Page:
After launching FirstJob, a San Francisco-based online marketplace for early-career job seekers, in 2013, founders Eyal Grayevsky and James Maddox started to understand the pain points and inefficiencies faced by both applicants and employers.
For job seekers, Grayevsky said in a recent interview with SHRM Online, "85 percent of applications went 'dark,' " resulting in applicants becoming frustrated when they hear nothing back and employers suffering damage to their brand. Recruiters, he said, had trouble managing high volumes of applications, typically well over 100 per posting.
Enter five-month-old Mya, FirstJob's artificial intelligence chat "bot" (short for robot) that starts a conversation between applicants and recruiters from the moment the job seeker applies. Mya talks with applicants about their backgrounds and answers their questions, and helps employers sort through applications to find the most qualified candidates.
Mya is one of the early developments in an emerging movement toward the use of bots in recruiting, job hunting and networking.
"Every candidate walks away with a piece of feedback, whether or not they got the job," said Grayevsky, whose company works with Fortune 500 employers. A dozen clients, including a seasonal employer processing more than 30,000 applications within a month, are using the technology, and nearly 700 companies have joined a waiting list to use Mya, he said.
"It's just creating an incredible amount of efficiency for them," Grayevsky said.
Other businesses are entering the chat-bot-for-employment territory in one form or another.
Artificial intelligence bot TARA( Talent Acquisition and Recruiting Automation), part of an eponymous venture-backed San Jose, Calif., company, uses chat to help small businesses hire freelancers from a pool of 50,000 prescreened contractors to develop software or work on other projects. Businesses looking to hire freelance developers start by chatting online with TARA.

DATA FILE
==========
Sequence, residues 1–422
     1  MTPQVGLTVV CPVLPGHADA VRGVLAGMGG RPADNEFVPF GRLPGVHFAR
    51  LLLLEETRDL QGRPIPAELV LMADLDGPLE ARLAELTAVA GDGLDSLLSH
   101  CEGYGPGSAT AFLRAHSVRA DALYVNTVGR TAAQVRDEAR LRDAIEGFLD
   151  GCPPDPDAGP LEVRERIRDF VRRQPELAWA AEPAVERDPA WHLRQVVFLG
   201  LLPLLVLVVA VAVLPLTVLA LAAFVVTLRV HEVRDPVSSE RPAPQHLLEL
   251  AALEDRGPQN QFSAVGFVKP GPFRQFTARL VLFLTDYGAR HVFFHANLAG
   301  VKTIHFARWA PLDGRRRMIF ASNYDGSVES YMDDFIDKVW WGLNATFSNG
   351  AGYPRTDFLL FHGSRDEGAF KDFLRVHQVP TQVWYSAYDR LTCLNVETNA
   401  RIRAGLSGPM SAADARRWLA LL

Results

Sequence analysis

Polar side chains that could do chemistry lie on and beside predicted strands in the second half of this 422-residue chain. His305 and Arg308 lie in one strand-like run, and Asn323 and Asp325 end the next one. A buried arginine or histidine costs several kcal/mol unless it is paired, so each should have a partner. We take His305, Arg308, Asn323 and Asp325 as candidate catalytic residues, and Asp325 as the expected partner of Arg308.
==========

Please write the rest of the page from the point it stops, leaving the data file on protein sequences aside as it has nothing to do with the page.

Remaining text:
In one case, Pittsburgh- and San Francisco-based client Gotham Alpha turned to TARA to find an experienced developer to quickly build some key software. Within a day, TARA connected Gotham Alpha with a former Microsoft developer, who built the tool within a month.
LinkedIn, which already has a messaging function, recently added personalized "conversation starters" that use information from members' networks to help them initiate contact on the professional social network. LinkedIn also introduced a bot to help members schedule meetings and learn more about each other in advance of an appointment.
"Conversations are how professionals connect and get business done, whether your goal is to get a round of funding, find a new job opportunity, or source ideas and perspectives," blogged Ryan Roslansky, LinkedIn product vice president, when the company introduced its messaging bot technology in September. "We believe this combination of bots and messaging on LinkedIn could be game changing and will [be] something our members can use daily."
Ryan Healy, founder and president enterprise chat-software company Brazen, hopes so.